I am a regular reader, and commenter, on the blog written by ‘Grumbling Appendix’. This week I really enjoyed her latest blog “Glad Tidings of Great Joy” . So much so that I went overboard and made two comments – the latter I am reproducing here because I wanted to share it with my own interested followers. It was stimulated by a response from someone called ‘RGN007’ and if you want to read the whole thread, then please use the link above. But here it is: graduate entry – hurrah!!

RGN007’s comment really resonated with me. I did my nurse training in the nineteen seventies when degrees were years away (I am even older than Grumbling Appendix!). I don’t have a first degree and did a Masters in my mid forties, part time – for my own interest and my own benefit. My lack of a degree qualification in nursing never stood in my way in practice and my (mid-life, part time) Masters has never stood in my way in academia (where Masters is a pretty lowly qualification). But the desire to learn and understand, the thinking skills, the stimulation of studying has really helped me and kept me moving forward. My Masters dissertation focussed on leadership and nursing and has been underpinning my working life ever since. I wish I had understood at the beginning of my career the benefit of the structured and rigorous ‘training’ for my brain that degree gave me. I would have been a better nurse for it. Sadly, in the seventies, girls of my background had no encouragement to go to university, I failed my A levels too, but university had never been on my horizon. I was always bright, but it took until I was in mid-life for me to decide that higher education would fill a huge gap for me and contribute to my capacity to do a good job.

There are many routes into a nursing degree – A levels aren’t essential – there are a wide range of access routes and equivalencies taken into consideration, and I believe (because I see it in our own students in the university I work in) that the students we recruit are no more or less compassionate or caring than any in the past – and I can look back on a good forty years of unbroken experience in the NHS and in higher education.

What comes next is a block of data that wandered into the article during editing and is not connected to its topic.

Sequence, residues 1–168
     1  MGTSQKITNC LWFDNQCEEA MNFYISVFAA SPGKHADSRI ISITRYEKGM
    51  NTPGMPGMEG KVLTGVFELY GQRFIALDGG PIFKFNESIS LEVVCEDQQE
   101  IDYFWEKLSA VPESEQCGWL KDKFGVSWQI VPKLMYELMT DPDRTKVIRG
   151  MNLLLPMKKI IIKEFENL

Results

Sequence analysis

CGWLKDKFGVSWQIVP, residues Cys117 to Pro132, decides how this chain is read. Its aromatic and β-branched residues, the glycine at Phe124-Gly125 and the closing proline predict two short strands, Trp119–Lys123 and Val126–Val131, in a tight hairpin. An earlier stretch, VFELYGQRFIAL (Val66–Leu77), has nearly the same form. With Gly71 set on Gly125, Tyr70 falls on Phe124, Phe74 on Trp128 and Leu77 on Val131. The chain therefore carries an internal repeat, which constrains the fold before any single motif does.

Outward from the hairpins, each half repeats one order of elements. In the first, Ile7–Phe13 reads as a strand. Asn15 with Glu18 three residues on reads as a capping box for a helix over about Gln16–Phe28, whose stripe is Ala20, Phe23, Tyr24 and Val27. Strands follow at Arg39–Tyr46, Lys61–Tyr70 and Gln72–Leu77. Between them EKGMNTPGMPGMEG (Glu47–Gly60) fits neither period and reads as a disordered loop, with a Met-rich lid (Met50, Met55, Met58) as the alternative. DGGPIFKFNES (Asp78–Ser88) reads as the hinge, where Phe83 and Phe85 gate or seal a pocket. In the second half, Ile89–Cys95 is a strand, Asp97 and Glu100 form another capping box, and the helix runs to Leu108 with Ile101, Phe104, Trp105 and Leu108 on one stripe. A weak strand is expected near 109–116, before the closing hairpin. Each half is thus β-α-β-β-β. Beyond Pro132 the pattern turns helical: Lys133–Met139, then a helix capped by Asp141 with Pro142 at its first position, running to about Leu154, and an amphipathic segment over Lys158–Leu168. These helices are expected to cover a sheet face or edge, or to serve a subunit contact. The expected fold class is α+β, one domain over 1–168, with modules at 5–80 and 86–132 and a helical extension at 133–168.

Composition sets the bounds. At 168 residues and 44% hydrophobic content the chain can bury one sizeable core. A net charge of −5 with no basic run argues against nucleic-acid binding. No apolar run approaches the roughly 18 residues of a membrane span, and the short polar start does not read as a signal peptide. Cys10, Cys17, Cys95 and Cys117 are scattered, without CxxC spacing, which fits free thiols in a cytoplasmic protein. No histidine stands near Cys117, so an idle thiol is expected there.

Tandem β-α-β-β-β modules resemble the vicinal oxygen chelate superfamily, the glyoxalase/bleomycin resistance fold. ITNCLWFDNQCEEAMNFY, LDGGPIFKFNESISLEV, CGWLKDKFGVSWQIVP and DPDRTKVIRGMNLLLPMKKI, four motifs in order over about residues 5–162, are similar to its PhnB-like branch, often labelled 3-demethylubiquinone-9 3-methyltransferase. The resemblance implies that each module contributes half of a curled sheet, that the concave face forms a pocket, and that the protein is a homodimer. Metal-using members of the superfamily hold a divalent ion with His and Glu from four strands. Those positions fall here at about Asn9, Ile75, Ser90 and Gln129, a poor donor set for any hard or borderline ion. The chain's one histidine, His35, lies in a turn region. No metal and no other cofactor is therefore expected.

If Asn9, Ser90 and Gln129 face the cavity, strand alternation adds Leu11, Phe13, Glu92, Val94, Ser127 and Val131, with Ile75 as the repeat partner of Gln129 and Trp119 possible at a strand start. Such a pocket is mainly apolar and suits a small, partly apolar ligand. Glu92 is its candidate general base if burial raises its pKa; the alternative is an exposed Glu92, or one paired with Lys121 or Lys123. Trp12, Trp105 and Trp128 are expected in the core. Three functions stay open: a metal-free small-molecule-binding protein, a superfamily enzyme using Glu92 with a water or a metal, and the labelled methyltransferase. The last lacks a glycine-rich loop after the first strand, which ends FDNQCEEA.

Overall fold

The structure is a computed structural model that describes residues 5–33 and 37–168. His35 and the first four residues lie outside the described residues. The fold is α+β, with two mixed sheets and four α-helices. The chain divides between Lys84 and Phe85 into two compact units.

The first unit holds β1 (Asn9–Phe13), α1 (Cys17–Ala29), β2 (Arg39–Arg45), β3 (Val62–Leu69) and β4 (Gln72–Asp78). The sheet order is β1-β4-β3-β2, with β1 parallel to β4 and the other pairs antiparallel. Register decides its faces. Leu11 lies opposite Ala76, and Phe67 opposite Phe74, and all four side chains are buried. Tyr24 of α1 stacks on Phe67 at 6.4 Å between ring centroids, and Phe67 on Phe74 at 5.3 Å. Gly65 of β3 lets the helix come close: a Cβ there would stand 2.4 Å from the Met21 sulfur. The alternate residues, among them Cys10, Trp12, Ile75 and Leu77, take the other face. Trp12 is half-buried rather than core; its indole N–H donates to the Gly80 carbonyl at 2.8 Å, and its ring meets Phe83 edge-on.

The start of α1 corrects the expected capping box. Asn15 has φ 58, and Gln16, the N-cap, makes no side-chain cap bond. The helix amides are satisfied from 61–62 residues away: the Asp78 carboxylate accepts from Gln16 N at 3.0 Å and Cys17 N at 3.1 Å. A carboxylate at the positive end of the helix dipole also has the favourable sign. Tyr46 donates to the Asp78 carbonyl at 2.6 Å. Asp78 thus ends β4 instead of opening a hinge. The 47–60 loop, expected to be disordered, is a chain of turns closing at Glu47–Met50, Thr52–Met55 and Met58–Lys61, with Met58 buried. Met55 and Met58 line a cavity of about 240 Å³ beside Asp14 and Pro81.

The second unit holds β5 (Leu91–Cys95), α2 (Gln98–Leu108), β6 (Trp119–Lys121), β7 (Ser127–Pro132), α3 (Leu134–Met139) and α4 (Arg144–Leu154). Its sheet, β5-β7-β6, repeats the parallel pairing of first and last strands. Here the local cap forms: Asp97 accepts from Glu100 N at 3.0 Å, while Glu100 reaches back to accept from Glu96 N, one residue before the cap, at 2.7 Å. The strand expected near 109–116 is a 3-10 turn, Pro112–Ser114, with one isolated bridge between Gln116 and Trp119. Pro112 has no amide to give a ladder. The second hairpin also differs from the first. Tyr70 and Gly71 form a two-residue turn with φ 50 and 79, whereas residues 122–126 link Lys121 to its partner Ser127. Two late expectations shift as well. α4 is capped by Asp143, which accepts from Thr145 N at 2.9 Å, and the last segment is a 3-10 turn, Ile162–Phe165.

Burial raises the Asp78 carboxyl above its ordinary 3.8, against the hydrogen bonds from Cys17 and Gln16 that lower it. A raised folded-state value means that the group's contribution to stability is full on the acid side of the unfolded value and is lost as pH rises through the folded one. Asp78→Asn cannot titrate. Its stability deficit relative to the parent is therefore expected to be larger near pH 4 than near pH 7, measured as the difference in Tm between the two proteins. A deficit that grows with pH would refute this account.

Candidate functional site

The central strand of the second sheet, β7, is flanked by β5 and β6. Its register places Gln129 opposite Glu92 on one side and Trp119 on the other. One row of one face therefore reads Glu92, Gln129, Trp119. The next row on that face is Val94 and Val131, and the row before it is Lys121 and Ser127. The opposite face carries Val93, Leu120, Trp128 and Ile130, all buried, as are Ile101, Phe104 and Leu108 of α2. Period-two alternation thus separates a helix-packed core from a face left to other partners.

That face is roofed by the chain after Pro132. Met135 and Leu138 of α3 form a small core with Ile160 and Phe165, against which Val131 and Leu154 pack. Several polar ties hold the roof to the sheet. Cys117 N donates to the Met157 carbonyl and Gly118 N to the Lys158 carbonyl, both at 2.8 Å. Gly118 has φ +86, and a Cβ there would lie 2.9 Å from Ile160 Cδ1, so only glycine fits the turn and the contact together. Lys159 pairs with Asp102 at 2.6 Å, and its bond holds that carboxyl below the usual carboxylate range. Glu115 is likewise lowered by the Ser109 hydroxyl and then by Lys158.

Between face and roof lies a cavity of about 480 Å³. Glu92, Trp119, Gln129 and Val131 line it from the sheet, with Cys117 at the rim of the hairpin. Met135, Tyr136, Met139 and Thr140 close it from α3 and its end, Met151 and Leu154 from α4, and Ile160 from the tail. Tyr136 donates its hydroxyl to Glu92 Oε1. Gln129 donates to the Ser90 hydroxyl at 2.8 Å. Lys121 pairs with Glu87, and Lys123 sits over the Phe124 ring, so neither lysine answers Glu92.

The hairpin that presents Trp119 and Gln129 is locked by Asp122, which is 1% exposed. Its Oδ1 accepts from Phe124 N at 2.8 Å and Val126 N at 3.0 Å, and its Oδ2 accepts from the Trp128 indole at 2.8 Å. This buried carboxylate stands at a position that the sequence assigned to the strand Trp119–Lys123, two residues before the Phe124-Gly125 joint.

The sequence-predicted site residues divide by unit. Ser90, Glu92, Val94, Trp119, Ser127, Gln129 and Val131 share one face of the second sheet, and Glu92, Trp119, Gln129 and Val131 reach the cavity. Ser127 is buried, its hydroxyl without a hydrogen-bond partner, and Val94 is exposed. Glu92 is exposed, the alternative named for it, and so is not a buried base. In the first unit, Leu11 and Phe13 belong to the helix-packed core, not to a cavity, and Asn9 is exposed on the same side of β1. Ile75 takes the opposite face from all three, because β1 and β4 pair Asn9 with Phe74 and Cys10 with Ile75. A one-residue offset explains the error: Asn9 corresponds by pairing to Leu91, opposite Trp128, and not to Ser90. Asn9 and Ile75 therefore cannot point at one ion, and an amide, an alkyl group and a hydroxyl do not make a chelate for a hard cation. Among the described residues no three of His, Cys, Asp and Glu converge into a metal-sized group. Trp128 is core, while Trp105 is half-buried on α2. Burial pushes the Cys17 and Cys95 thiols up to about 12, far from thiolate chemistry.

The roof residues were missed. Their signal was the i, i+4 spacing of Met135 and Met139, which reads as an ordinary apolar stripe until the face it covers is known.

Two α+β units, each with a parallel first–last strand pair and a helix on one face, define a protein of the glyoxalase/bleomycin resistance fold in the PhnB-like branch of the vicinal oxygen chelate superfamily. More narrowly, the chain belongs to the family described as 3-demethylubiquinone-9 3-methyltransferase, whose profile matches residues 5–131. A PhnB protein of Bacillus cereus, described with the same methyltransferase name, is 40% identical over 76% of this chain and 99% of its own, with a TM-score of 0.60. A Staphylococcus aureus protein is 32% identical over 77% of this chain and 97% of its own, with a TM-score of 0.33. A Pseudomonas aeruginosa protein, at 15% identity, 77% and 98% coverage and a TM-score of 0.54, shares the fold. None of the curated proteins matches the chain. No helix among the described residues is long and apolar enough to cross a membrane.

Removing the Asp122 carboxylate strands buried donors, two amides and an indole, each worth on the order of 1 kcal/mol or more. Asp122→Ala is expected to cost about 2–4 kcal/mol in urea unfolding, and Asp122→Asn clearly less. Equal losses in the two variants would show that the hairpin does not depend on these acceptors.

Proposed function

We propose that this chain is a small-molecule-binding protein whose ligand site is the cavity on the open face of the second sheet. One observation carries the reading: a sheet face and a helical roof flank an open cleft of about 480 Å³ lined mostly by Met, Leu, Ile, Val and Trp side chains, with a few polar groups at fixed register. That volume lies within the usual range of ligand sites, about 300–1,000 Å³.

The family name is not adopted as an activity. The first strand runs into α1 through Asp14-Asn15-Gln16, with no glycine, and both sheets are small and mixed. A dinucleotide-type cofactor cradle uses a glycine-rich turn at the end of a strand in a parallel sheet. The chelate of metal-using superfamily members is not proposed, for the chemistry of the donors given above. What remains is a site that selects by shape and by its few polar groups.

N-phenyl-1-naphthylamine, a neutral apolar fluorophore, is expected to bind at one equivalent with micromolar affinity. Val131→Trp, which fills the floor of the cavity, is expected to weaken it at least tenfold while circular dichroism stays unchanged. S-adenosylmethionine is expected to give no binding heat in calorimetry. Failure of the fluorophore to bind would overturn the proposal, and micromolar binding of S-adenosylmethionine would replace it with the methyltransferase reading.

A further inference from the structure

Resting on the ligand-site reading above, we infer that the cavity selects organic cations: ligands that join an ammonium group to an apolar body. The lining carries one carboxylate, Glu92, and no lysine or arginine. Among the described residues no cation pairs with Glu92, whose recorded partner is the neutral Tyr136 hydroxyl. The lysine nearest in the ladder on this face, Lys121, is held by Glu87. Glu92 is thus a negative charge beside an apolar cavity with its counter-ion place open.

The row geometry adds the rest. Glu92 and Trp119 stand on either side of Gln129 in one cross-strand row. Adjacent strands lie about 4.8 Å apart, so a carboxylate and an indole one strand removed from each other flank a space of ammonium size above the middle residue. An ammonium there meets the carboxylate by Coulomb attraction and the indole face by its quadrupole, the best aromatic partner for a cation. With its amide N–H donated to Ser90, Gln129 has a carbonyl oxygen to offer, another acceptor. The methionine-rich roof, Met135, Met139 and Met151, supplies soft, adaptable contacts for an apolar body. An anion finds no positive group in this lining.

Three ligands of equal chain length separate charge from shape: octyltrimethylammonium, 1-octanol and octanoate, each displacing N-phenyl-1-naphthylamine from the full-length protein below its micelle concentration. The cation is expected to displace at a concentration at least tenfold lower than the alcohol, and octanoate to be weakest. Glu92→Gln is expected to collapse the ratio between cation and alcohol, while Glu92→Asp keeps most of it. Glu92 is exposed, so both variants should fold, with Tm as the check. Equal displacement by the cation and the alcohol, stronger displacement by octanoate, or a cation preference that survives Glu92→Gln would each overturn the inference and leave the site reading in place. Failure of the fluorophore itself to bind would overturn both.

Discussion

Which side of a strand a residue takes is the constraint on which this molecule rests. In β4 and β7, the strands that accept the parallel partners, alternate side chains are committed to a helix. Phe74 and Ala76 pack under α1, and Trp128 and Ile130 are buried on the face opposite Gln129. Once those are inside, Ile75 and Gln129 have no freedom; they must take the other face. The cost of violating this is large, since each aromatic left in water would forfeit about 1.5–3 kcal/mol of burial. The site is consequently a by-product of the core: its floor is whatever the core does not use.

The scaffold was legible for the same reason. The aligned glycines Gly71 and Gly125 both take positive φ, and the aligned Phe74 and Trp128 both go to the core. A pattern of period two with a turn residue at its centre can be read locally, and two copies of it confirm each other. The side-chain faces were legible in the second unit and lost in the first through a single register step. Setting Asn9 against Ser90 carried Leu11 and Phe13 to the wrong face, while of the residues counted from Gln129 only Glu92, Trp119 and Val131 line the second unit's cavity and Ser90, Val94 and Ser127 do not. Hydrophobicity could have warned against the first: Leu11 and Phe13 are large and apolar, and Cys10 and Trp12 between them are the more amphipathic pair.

Having a degree qualification is a proxy for intellectual capacity, the ability to learn and change as a result of that learning, the ability to analyse, synthesise and make decisions based on evidence and best practice. Nurses need that.

Some nurses may demonstrate those abilities without a degree, but for employers having to recruit people they do not know, having a degree is shorthand that says ‘I have these skills’ as well as the specialist subject knowledge. It is those ‘graduate skills’ that can enhance the future capability and contribution of the qualified nurse. For patients, knowing that their nurses have a degree in nursing should be a reassurance and a comfort that they are in capable, knowledgeable hands – instead there is a dangerous media message that knowledge and compassion are somehow incompatible.

It is a major step forward for nursing to be a graduate entry profession. It is a major benefit to patients for nurses to be intellectually competent as well as practically competent. I look forward to the time when a Masters degree is the norm, and senior clinical nurses carry the title ‘Dr’ through rigorous research activity in their chosen specialty which they translate into better care and better outcomes.

I hope when I need to be nursed that my nurse’s name badge says “Hello, my name is xyz and I’m RN, BSc, MSc(Elderly Care)” – as a minimum. In fact I wish name badges carried qualifications now – for the purposes of transparency to patients. But that’s a whole different blog comment!